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I have heard the terms go dutch and AA used to mean that, when two or more people eat at a restaurant, each will pay only the price of their own dish. Also treat is used to describe the act of one person paying for the meal of themselves and another.

  • Has anyone conducted a study on the terms used and their geographic distribution?
  • In which regions of the world are these terms used?
  • Are there other terms which might be more popular in North America, the UK, Australia, and New Zealand?
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I don't think this question has any one answer, so I'm voting to close. –  simchona Jun 15 '12 at 13:30
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I need to obtain a general idea of which terms are used and where. A good answer would list at least a few of the most common terms and in which countries they are typically used or provide a link to a study or map. –  Village Jun 15 '12 at 13:45
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That isn't what StackExchange or ELU is for, though. –  simchona Jun 15 '12 at 13:46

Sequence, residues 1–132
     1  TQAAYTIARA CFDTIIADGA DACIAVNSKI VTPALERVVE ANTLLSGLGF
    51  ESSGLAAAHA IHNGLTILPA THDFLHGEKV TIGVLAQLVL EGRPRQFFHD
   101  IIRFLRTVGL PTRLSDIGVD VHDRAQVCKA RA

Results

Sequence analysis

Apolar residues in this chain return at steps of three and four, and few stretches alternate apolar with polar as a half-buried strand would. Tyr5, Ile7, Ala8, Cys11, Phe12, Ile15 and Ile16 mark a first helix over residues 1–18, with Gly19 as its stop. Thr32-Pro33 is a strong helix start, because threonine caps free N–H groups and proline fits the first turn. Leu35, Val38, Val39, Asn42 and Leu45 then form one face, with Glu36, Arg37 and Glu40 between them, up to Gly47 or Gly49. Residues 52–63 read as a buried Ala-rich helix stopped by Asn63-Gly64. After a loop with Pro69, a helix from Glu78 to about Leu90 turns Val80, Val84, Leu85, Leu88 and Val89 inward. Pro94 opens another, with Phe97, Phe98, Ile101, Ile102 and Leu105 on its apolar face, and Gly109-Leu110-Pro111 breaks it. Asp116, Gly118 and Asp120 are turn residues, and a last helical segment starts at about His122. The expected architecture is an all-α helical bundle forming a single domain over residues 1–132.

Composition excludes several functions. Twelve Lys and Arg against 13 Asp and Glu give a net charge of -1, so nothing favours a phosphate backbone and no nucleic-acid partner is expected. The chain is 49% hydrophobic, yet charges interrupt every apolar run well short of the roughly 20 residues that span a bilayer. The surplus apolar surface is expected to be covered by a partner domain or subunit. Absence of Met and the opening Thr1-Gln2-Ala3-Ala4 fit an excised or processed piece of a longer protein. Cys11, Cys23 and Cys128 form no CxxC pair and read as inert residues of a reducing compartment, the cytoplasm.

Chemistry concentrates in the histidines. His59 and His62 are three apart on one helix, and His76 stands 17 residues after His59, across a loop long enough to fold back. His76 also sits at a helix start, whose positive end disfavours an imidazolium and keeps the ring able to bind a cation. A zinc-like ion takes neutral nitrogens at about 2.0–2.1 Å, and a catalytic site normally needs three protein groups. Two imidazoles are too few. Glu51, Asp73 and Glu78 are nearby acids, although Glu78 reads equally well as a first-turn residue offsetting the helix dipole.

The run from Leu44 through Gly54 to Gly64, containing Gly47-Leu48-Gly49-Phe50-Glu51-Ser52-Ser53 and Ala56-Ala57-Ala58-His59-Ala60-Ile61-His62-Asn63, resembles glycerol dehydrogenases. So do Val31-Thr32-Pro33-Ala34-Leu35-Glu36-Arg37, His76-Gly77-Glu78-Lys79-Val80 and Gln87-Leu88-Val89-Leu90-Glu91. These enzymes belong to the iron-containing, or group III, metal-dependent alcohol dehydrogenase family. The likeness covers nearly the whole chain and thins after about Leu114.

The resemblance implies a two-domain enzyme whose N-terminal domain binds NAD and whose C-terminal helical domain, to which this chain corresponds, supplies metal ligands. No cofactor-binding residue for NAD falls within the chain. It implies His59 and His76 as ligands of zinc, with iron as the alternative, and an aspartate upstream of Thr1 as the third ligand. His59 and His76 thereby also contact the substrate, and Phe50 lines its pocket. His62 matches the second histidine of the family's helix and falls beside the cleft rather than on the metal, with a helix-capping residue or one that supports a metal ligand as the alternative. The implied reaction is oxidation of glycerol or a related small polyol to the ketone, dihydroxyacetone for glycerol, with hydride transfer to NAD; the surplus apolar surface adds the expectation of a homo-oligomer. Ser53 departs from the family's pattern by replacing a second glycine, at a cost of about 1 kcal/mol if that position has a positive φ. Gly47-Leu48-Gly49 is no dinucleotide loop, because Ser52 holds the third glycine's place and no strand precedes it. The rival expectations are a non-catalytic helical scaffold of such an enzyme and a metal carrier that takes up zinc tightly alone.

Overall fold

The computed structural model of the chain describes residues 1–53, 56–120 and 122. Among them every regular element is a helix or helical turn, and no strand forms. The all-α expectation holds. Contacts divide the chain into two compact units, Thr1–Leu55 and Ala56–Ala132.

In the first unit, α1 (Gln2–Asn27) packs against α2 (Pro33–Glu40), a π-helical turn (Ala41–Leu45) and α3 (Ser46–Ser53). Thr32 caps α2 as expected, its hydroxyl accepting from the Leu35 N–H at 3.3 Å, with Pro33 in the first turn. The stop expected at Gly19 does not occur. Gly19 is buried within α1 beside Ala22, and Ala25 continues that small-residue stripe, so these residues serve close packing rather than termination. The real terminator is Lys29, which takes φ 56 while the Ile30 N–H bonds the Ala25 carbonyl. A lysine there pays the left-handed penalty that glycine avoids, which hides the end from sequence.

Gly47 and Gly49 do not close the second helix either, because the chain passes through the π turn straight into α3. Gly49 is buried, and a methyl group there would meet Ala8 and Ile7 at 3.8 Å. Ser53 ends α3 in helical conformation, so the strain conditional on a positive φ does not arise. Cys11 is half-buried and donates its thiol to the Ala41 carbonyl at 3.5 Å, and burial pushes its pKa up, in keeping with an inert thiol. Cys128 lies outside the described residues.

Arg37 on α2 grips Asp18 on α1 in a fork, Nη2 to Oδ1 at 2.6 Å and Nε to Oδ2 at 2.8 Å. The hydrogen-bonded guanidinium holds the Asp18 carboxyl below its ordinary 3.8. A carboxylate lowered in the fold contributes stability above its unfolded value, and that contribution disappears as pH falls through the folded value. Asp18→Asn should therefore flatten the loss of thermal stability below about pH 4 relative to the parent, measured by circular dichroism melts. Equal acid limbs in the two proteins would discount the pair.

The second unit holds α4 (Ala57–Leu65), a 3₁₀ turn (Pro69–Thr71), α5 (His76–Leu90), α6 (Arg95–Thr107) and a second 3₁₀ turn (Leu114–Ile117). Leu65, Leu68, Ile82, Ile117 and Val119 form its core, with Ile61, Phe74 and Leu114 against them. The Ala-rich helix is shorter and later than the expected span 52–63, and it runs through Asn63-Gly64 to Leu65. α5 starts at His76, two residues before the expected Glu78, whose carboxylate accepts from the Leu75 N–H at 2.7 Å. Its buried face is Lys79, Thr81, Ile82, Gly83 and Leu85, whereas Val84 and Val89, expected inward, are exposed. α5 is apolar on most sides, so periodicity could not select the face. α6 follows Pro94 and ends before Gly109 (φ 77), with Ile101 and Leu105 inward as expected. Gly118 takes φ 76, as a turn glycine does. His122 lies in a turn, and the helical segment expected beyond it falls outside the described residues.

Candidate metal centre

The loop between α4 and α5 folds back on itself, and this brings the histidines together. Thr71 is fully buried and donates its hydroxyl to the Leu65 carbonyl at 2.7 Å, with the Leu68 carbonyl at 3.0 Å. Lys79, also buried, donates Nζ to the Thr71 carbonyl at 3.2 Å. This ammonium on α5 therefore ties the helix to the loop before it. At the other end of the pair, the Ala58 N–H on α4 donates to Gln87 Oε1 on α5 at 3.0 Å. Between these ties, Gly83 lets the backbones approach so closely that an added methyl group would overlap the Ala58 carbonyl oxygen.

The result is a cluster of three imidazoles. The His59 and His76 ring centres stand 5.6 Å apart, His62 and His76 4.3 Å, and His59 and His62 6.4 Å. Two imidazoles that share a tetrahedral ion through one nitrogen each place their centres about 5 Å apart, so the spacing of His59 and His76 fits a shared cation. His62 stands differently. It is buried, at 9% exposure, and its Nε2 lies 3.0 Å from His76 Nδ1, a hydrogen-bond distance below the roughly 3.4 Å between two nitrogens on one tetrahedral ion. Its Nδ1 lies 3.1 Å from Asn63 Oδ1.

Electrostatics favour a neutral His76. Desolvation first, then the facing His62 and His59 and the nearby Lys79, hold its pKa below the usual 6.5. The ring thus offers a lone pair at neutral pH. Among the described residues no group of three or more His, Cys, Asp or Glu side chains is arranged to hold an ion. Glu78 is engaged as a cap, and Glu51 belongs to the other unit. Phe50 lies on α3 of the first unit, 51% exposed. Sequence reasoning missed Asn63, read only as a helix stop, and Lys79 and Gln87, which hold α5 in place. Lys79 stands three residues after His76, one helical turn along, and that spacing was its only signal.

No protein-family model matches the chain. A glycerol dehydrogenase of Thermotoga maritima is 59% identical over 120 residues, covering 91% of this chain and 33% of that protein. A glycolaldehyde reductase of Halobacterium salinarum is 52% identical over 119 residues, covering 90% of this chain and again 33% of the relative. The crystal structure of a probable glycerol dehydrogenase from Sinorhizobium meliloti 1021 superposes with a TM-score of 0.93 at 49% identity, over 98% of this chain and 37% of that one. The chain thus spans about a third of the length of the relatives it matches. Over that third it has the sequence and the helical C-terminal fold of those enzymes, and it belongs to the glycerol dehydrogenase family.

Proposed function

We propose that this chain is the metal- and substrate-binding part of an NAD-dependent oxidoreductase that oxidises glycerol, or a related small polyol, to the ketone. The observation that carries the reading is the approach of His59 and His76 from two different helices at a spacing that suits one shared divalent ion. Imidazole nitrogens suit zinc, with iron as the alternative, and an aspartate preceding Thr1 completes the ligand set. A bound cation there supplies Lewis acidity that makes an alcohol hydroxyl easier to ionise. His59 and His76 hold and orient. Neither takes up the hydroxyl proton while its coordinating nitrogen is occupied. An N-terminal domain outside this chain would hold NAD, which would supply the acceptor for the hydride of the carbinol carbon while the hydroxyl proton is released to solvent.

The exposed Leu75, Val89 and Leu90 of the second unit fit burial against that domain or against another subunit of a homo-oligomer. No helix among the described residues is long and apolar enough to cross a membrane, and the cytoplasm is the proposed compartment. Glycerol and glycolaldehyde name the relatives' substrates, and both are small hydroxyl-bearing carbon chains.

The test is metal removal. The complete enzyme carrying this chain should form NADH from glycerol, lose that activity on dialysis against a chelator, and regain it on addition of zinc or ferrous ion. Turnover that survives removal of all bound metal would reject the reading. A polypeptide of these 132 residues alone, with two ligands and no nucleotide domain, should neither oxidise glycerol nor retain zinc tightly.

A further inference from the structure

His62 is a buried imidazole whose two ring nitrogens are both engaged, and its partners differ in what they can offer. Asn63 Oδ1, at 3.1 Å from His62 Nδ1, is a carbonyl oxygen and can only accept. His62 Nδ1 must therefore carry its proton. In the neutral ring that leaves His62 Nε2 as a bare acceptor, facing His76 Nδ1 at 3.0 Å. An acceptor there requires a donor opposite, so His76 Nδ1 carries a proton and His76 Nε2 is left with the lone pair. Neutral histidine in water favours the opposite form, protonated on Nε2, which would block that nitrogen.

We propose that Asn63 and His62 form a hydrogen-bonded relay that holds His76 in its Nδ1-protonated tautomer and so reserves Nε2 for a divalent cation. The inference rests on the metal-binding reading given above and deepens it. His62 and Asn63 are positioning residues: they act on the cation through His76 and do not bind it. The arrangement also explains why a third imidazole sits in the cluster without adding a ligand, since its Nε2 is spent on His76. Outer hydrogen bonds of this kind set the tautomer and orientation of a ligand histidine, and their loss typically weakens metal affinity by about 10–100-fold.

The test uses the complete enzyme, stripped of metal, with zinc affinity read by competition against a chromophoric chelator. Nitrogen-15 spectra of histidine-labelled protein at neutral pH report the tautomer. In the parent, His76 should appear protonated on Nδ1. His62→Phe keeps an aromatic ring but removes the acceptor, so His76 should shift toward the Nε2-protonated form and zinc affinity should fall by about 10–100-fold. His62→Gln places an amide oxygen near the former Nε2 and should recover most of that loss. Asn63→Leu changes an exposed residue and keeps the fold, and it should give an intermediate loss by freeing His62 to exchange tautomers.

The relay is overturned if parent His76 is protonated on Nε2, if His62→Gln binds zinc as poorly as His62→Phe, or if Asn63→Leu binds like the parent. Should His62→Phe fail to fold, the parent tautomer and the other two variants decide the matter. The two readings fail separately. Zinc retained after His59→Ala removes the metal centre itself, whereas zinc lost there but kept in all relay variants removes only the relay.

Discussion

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I thought this was English Language and "Usage". Typically, an examination of usage requires one to consider geography. I need to explain how to use these words. If people do not know where it is used, my explanation will be incomplete. –  Village Jun 15 '12 at 13:50
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I did not ask for any opinions. I am looking for facts, statistics, or generalizations of those statistics, preferably supported by references. I am not asking for people to argue about one term or the other. I am not asking people "What do you personally use and where do you live?" –  Village Jun 15 '12 at 14:02
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closed as not constructive by simchona, Andrew Leach, Matt Эллен, Bravo, waiwai933 Jun 15 '12 at 15:45

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3 Answers

Saying

This meal is on John

means that John will pay for it.

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Or it's on me today means that I am gonna pay today. –  Noah Jun 15 '12 at 13:46
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"I suggest we (or Let's) split the bill" is also a common expression.

Technically, "splitting the bill" means calculating the entire expense then dividing it equally between all the participants. This is faster and more convenient, but could also be unfair to those who didn't order much.

Casually, "going dutch" can also be used to mean the same.

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In Australia, to shout is used to mean to buy your mates something, usually a drink. I've also heard it being used as a noun, like in "this is my shout", meaning I'll get this one.

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